Circadian clocks must be able to entrain to time-varying signals to keep their oscillations in phase with the day night rhythm. On the other hand, they must also exhibit input compensation: their period must remain approximately one day in different constant environments. The posttranslational oscillator of the Kai system can be entrained by transient or oscillatory changes in the ATP fraction, yet is insensitive to constant changes in this fraction. We study in three different models of this system how these two seemingly conflicting criteria are met. We find that one of these (our recently published Paijmans model) exhibits the best tradeoff between input compensation and entrainability: on the footing of equal phase-response curves, it exhibits the strongest input compensation. Performing stochastic simulations at the level of individual hexamers allows us to identify a new, to our knowledge, mechanism, which is employed by the Paijmans model to achieve input compensation: at lower ATP fraction, the individual hexamers make a shorter cycle in the phosphorylation state space, which compensates for the slower pace at which they traverse the cycle.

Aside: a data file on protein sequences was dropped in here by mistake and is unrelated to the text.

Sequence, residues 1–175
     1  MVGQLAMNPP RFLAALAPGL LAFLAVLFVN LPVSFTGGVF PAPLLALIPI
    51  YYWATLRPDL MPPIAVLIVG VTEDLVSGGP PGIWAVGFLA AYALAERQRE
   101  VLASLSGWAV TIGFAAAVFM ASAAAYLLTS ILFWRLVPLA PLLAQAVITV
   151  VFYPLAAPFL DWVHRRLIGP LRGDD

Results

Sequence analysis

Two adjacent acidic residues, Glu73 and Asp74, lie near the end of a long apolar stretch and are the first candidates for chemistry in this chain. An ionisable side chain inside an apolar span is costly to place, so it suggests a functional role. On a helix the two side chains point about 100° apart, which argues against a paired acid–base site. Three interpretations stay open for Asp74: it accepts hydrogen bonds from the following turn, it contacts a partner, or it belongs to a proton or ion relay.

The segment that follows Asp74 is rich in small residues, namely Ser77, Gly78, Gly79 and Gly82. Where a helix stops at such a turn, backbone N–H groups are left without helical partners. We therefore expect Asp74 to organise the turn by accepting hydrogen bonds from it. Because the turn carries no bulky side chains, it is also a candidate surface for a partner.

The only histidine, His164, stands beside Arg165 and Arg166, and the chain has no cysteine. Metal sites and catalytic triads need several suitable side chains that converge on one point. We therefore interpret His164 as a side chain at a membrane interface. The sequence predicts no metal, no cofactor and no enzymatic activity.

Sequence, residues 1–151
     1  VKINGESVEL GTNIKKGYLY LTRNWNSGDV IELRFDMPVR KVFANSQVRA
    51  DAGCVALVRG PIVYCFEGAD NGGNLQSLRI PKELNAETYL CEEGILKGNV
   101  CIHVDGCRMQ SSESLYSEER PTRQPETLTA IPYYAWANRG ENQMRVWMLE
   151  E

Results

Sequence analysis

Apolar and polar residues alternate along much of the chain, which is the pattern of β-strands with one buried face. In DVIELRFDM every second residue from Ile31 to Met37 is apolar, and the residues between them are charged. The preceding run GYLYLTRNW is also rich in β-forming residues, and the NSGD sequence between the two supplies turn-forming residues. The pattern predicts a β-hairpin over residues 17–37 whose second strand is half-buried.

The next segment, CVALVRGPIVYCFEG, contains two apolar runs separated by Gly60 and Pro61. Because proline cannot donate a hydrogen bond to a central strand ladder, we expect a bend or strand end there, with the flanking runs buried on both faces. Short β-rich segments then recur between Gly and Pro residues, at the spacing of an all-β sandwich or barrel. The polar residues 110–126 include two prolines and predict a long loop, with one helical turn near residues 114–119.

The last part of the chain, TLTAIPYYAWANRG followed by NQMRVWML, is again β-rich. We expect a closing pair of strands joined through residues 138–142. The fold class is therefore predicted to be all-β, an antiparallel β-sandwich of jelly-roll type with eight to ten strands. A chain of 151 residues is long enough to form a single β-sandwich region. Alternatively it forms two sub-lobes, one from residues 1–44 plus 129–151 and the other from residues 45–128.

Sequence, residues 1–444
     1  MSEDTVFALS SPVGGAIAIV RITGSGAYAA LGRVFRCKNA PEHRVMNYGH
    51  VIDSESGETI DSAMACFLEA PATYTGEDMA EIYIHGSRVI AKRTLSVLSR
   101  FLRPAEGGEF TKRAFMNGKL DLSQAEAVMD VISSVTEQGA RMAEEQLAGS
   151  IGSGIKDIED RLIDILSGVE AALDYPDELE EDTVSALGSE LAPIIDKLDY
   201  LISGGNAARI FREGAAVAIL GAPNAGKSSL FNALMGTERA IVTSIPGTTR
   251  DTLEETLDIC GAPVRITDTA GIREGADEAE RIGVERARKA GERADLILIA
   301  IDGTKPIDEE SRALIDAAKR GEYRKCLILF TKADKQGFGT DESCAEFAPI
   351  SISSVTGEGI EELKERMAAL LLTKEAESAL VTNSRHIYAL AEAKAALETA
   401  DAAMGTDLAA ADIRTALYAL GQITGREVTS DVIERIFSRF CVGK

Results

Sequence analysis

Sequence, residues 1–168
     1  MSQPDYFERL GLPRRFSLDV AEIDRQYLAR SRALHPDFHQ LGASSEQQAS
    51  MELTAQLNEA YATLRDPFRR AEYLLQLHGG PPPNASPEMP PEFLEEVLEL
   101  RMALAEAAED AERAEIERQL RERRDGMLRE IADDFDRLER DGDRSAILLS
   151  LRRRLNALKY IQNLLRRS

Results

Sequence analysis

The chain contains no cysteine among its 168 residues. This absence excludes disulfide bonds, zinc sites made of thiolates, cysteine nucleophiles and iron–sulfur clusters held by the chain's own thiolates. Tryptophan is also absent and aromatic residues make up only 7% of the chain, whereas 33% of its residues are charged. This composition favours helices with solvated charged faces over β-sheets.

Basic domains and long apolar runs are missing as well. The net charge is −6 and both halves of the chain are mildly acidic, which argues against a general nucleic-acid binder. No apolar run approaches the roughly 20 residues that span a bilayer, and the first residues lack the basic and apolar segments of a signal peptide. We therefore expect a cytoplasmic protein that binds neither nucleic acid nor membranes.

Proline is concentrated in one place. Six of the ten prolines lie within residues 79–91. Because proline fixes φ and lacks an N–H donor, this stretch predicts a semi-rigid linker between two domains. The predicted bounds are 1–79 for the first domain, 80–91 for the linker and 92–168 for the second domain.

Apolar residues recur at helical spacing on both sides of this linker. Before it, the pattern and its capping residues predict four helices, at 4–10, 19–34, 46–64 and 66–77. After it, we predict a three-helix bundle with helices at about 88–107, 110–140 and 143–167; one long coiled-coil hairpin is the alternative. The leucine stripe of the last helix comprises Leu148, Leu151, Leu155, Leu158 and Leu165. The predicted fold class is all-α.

Elsevier/ Cell Press
Biophys. J.
Biochemical Networks

Paijmans, J, Lubensky, D.K, & ten Wolde, P.R. (2017). Period Robustness and Entrainability of the Kai System to Changing Nucleotide Concentrations. Biophys. J., 113(1), 157–173. doi:10.1016/j.bpj.2017.05.048